Column: Drought underscores reason for new farm bill
WASHINGTON -- Unlike the drought-stricken row crops which fell victim to a merciless season of cloudless skies, high temperatures and scorched earth, a bumper-sized crop of crowds turned out across the state this year to share views on matters of public policy, including the economy, energy, health care, transportations, debt, taxes, immigration and agriculture. In August, I finished my 32nd consecutive year of holding meetings in each of Iowa's 99 counties. I'm glad to report Iowans continue to uphold a strong tradition of civic engagement from one generation to the next.
Not surprisingly, the fall-out from the harshest drought in five decades yielded many questions about the stalled passage of the farm and food bill. Back in July, I argued on the floor of the Senate that it's time to move forward. Over the years, I've worked to champion rural America, including ongoing efforts to create a level playing field for independent producers and small to mid-sized family farmers. My efforts to secure a cap on commodity payments provide a defensible approach to farm spending in an era of exploding budget deficits. Forging regional and bipartisan alliances, I've kept the interests of our nation's family farmers at heart during debate of the last seven farm bills. Many people may not realize that nutrition assistance programs account for 75 percent of farm bill spending. Although I haven't always voted "yes" on each farm bill, I use my committee assignments to make sure rural America has a voice at the table when Washington makes regulatory, tax, spending, bankruptcy and energy policy.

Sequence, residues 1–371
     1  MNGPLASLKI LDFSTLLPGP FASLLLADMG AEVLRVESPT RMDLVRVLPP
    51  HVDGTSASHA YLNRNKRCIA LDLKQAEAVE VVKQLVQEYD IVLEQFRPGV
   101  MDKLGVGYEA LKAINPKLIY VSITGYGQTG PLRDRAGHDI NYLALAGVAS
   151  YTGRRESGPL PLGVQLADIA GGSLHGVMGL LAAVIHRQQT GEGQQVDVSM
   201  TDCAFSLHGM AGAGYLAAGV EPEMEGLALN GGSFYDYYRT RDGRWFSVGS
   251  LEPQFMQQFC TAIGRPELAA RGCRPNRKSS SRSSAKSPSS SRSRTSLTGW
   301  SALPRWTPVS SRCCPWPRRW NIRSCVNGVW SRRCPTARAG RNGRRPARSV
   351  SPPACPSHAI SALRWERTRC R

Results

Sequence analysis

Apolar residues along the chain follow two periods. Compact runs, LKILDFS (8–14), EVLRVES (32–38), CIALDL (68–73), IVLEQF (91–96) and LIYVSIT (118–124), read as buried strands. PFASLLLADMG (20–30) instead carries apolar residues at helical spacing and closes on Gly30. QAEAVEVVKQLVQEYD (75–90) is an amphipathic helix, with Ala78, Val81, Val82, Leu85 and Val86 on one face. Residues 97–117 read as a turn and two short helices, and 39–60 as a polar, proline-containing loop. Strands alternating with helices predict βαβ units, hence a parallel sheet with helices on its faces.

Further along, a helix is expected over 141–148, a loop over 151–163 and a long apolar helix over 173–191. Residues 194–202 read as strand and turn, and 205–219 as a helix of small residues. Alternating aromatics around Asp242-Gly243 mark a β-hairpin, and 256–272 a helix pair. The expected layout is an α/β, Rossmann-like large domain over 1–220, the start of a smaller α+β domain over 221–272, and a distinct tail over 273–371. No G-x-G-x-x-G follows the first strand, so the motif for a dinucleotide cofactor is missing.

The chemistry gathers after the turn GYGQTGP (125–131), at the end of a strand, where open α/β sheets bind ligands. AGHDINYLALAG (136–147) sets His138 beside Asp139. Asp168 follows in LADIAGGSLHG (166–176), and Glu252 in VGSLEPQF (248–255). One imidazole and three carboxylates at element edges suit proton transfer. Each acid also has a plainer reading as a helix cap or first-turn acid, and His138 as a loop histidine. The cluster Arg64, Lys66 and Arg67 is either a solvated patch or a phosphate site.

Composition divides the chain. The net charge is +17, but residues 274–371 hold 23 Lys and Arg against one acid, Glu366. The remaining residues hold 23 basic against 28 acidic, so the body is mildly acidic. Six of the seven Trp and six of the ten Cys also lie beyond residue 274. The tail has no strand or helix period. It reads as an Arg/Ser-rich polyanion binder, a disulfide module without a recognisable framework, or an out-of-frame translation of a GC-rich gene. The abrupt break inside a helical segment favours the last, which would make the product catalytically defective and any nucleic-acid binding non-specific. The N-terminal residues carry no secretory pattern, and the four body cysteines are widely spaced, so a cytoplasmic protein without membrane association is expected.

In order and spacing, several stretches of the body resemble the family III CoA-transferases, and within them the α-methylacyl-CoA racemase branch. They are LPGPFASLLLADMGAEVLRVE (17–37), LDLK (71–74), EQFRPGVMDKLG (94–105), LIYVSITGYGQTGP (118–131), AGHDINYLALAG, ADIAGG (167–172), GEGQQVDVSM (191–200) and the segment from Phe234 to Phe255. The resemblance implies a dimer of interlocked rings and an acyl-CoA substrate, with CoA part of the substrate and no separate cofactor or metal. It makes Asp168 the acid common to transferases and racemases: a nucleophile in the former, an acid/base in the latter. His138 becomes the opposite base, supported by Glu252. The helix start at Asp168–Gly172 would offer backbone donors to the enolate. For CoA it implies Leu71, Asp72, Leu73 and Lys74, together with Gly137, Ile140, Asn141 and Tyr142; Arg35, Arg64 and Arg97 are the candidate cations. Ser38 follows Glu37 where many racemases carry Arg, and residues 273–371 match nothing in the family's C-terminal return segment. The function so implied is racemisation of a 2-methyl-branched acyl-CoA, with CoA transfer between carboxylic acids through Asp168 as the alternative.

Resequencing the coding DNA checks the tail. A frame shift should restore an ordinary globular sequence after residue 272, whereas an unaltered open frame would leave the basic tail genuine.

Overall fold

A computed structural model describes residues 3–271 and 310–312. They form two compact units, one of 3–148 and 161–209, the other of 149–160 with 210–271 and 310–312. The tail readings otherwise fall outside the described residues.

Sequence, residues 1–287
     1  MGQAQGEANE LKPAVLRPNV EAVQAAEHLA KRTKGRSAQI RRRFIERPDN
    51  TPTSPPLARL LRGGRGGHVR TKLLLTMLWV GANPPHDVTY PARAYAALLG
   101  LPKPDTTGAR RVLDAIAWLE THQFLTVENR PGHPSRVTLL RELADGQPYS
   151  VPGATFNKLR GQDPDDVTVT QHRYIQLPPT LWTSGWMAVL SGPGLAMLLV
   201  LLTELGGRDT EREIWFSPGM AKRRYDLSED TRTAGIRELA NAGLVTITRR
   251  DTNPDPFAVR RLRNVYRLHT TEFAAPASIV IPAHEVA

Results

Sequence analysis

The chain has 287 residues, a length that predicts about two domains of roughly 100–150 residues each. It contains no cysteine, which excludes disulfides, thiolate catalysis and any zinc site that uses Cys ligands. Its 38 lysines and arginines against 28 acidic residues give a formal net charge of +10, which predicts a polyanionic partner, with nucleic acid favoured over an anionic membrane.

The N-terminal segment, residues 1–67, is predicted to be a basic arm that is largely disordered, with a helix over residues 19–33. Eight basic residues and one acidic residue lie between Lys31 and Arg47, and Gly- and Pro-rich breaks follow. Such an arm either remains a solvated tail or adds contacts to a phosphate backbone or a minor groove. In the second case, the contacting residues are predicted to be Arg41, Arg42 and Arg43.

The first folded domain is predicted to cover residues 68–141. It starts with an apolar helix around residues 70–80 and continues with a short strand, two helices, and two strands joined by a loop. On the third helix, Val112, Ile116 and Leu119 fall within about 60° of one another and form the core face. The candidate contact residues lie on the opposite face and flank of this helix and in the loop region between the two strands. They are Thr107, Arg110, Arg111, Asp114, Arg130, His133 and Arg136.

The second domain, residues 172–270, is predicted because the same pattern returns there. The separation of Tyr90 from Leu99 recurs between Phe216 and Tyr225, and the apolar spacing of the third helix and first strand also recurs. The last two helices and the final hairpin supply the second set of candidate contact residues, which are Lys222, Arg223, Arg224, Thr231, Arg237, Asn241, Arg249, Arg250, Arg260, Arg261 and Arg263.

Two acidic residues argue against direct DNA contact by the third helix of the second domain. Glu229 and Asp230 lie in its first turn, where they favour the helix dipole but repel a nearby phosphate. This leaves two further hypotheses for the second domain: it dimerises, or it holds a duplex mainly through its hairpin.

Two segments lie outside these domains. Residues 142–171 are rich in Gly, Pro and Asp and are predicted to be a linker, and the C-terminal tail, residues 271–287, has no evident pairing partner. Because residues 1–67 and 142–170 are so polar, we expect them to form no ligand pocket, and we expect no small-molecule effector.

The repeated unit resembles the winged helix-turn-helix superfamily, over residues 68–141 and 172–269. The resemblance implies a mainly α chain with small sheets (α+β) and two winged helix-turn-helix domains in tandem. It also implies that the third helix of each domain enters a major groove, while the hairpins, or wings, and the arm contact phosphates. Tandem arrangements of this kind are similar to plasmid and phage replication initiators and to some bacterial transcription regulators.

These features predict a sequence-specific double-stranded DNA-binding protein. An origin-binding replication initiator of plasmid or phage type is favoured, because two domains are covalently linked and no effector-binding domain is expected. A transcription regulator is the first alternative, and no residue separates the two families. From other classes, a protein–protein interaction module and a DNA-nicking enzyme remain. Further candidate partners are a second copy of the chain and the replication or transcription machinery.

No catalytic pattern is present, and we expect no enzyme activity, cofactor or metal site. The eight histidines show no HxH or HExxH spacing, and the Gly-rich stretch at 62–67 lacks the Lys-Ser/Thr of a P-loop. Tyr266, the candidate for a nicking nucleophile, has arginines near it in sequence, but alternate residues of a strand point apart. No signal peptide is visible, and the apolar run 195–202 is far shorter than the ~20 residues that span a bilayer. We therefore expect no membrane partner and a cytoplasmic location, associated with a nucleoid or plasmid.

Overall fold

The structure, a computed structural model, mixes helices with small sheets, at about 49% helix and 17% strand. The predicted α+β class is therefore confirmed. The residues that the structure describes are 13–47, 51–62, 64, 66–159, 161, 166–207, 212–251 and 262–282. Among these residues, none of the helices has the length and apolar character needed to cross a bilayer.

This year's historic drought underscores the crucial reasons why America needs a safety net for food producers. Farmers need affordable risk management tools that will help provide income stability during times of marketplace uncertainty and natural catastrophes. Stitching together a safety net that helps farm families make it through circumstances out of their control also helps ensure food security and helps protect jobs all along the economic chain in rural America.
Since the Great Depression, the federal government has recognized the humanitarian, economic and national security interests of keeping America's farming operations afloat. Maintaining stability, safety and certainty in the U.S. food supply is non-negotiable to America's prosperity and the public good.
As I made my way across the state this summer from one county meeting to the next, the dried up corn stalks were a harsh reminder of the historic drought squeezing the Corn Belt. There's no doubt the drought has taken a toll. Some producers across the country sold off livestock and dairy herds when grazing lands dried up and they had difficulty finding enough hay. Some farmers have diverted withering corn acres into chopped silage before the harvest season even begins. The USDA estimates the corn harvest may reach its lowest average yield since 1995, at 123.4 bushels/acre.
Every spring, farmers take a leap of faith by sowing new seeds into the soil. If a natural disaster destroys the crop, a farmer could lose more than his livelihood without adequate risk management tools in place. U.S. farm policy needs to put faith in America's farmers and ranchers who have answered the call to provide the safest, most affordable food and fiber in the world.
The current farm bill expires Sept. 30. As Iowa's senior U.S. Senator, I will continue my call to move forward. The worst drought to hit the Corn Belt in 56 years ought to be a wake-up call. For 80 years, the U.S. has sought to protect U.S. food security with a safety net that helps the nation's food producers fill America's breadbasket. Washington needs to get the job done.